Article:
Knowing the risks specific to your neighbourhood can help you prepare for emergencies – even when you least expect them. To learn more about how you can stay safe and be prepared for the next storm, visit https://bddy.me/3GmdjpJ
Before a Power Outage
- Prepare a Basic 72 Hour Emergency Kit. Include:
- a flashlight and radio – if they are battery powered, ensure you have enough batteries; alternatively, you could purchase crank devices;
- non-perishable foods that require little to no heat for cooking;
- a first aid kit; and
- enough water to sustain you for up to three days.
- Have at least one land line phone in the home or the capability to charge cell phones during a power outage in order to call emergency services if needed.
- If you require an uninterrupted supply of power, including for specialized medical equipment, ensure that you have a back-up supply in place or a plan to relocate to a facility that can assist you.
- If you are a person with a mobility disability living in a building that requires your use of an elevator, be sure to inform the building management you may need assistance when evacuating.
- Install battery-powered smoke and carbon monoxide detectors, or ensure that hard wired detectors have a back-up power supply. Be sure to check them regularly to ensure they are functioning properly.
- Have wood-burning fireplace chimneys cleaned every fall to eliminate creosote build-up which could cause a chimney fire. This will help ensure that you are building safe fires during power outages.
- Ensure that any generator connected to your home's electrical system is done so through an approved transfer panel and switch that has been installed by a qualified electrician. Generators that are incorrectly connected to the power grid could present a safety hazard to Hydro Ottawa employees and a potential technical risk to the distribution network and neighbouring customers.
- Install a backup power supply for your sump pump. This will help avoid flooding during power outages.
- If you notice that wires connected to your home are damaged, call a qualified electrical contractor for repair.
For more information on how to prepare for an outage, visit the Government of Canada’s Power Outages brochure.
During a Power Outage
- Report power outages and downed power lines using Hydro Ottawa’s 24/7 outage line at 613-738-0188
- Turn off all lights, unplug appliances and electronics, and turn down heating system thermostats. This will help avoid a power surge when electricity is restored.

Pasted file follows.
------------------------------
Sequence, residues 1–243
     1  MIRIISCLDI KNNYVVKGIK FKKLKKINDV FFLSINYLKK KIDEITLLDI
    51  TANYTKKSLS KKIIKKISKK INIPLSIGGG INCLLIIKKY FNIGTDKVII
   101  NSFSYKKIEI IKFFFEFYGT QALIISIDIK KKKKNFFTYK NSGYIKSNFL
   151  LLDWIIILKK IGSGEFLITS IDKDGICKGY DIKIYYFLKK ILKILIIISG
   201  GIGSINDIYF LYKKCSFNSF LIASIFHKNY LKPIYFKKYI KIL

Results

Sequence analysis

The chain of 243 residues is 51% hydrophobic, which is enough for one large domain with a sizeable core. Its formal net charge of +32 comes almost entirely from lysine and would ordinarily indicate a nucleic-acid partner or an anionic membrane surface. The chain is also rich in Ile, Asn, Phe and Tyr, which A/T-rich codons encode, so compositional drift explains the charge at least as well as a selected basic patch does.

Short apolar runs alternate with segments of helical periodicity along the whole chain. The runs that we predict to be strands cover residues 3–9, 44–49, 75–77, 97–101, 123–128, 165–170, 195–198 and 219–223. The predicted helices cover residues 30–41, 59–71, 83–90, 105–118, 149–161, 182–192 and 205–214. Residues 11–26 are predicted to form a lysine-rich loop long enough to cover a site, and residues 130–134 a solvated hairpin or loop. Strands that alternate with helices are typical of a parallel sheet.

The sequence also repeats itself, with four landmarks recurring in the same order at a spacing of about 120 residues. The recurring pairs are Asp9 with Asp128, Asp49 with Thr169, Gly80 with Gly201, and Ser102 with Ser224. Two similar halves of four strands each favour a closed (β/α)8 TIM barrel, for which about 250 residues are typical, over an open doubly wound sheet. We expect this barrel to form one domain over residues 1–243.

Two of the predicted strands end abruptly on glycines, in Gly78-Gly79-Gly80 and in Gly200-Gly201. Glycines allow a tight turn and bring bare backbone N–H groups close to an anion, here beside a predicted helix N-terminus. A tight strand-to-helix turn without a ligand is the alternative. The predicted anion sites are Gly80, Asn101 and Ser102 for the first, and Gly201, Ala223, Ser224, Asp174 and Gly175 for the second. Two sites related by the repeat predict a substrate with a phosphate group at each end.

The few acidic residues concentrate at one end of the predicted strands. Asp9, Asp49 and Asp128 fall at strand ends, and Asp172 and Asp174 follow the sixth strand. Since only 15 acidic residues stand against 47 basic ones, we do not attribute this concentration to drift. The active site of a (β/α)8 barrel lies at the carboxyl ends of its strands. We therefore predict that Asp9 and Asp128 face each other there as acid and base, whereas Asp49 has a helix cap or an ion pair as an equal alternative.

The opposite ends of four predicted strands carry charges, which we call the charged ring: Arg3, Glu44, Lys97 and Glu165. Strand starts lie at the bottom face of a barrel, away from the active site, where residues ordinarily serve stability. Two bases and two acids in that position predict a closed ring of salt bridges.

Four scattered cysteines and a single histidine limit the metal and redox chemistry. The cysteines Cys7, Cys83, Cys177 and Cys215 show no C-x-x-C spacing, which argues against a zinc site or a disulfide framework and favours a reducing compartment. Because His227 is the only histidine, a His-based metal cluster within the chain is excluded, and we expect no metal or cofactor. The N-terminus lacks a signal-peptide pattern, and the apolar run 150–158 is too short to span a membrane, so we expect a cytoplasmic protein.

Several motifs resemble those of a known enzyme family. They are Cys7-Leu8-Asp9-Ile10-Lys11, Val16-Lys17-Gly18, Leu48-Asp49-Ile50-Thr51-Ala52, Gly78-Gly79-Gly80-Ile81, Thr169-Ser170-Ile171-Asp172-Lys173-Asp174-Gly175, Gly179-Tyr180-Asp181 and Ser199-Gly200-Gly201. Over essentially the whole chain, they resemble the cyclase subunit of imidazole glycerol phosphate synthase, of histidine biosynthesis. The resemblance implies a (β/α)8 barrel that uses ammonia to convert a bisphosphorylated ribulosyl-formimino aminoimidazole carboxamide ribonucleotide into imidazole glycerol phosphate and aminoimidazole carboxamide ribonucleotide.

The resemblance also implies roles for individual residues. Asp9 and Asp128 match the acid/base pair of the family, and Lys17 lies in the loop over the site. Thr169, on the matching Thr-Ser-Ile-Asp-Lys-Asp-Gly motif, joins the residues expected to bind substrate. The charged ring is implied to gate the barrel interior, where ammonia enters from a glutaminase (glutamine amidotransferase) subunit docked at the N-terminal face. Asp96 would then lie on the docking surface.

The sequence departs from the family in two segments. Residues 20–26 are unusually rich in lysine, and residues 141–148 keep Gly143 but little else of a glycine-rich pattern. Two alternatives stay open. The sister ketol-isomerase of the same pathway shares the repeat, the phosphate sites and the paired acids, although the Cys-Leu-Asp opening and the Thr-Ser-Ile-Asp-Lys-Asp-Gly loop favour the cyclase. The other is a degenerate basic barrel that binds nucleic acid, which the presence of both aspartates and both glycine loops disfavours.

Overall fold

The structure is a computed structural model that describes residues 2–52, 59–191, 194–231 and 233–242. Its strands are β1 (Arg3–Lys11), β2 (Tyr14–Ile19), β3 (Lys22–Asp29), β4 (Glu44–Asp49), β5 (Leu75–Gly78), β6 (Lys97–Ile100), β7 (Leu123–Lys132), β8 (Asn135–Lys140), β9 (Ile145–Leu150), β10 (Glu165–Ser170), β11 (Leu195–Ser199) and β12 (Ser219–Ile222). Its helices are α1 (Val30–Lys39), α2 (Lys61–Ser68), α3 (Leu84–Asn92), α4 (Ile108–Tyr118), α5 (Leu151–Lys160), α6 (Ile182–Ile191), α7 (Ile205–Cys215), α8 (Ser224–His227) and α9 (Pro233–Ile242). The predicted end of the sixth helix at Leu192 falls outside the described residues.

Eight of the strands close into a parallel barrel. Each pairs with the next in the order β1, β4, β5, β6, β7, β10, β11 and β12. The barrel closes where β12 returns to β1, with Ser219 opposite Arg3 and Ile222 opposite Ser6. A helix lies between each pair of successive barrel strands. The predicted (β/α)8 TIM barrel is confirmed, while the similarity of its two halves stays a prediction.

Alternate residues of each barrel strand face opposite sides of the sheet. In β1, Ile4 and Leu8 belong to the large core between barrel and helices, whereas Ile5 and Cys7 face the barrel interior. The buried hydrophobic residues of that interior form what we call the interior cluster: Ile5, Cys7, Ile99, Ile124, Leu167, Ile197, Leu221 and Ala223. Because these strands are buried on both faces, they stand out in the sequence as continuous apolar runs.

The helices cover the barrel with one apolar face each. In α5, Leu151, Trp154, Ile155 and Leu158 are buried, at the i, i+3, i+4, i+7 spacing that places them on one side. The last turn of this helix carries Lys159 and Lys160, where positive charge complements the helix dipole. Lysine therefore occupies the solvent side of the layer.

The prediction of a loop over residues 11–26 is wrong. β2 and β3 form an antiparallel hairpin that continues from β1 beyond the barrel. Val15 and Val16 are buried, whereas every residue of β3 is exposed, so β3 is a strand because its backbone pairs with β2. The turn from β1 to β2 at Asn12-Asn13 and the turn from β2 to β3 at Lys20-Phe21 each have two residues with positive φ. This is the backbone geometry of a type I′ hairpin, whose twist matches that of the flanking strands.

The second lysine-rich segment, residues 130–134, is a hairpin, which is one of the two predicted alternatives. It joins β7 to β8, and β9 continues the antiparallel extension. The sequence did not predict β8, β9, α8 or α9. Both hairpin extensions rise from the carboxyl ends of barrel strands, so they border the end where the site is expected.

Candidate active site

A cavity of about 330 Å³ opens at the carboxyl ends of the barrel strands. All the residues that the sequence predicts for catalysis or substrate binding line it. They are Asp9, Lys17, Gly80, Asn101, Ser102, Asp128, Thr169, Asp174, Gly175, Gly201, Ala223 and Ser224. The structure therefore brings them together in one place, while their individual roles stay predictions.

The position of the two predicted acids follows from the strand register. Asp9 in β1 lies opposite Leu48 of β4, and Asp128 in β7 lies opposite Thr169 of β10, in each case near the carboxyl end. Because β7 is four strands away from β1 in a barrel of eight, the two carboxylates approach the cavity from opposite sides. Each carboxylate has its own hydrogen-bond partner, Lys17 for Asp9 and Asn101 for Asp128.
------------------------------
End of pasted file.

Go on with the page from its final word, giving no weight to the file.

- If your house has a sump pump that does not have a backup power supply, clear valuables from the basement in case flooding occurs.
- If the doors are kept closed, food in freezers will keep for 24 to 48 hours without power, and food in refrigerators will keep for up to 4 hours. For more information about storing food and water during an emergency, visit the Canadian Food Inspection Agency website.
- If you use a fireplace for heat, check chimneys for creosote build-up or debris. Do not leave the fire unattended.
- Close room doors to keep heat in a confined area.
- Use flashlights. Candles can be a fire hazard. If you must use candles, place them in a non-combustible container away from drapes and carpet and never leave them unattended.
- Only use camp stoves, and charcoal or gas barbeques outdoors.
- Only use generators outdoors. Exhaust fumes could lead to carbon monoxide poisoning if they are not properly vented. To prevent exhaust gases from entering the house, operate generators in well-ventilated conditions away from windows and doors, and be sure to follow the manufacturer’s instructions.
- Plug your appliances directly into the generator using properly rated Canadian Standards Association (CSA) approved cords.
During extended power outages in winter there are extra precautions that should be taken:
- Shut off power to the water heater.
- Shut off water at the main valve (usually found in the basement near the water meter). Use blankets or insulation material to protect the valve, inlet pipe, meter, and pump.
- Open taps to drain the pipes. Leave the taps open.
- Flush toilets to empty them.
- Drain appliances such as dishwashers and washing machines.
- Stay in your home as long as you are safe, warm and can feed yourself. Emergency Reception Centres will be opened by the City of Ottawa should an emergency be declared. You can go there to get information, to stay warm or keep cool, and for comfort and food. Locations will be broadcast on local emergency radio and TV stations should an emergency situation occur.
After a Power Outage
- If wires connected to your home were damaged, call a qualified electrical contractor for repair.
- Do not enter a flooded basement unless you are sure the power is disconnected.
- Do not use flooded appliances, electrical outlets, switch boxes, or fuse-breaker panels until they have been checked and cleaned by a qualified electrician.
- Turn on the main electric switch if it was turned off. Before doing so, ensure that appliances, such as electric heaters, TVs, microwaves and computers, were unplugged. This will help prevent damage from a power surge.
- Give the electrical system a chance to stabilize before reconnecting tools and appliances. Turn the heating-system thermostats up first, and then wait a few minutes before reconnecting the fridge and freezer. Wait 10 to 15 minutes before reconnecting all other tools and appliances.
- Open the main water valve if you closed it, and make sure that the hot water heater is filled before turning on the power to it.
- Check food supplies in refrigerators, freezers and cupboards for signs of spoilage. If you have any doubts that a food item may be spoiled, throw it out.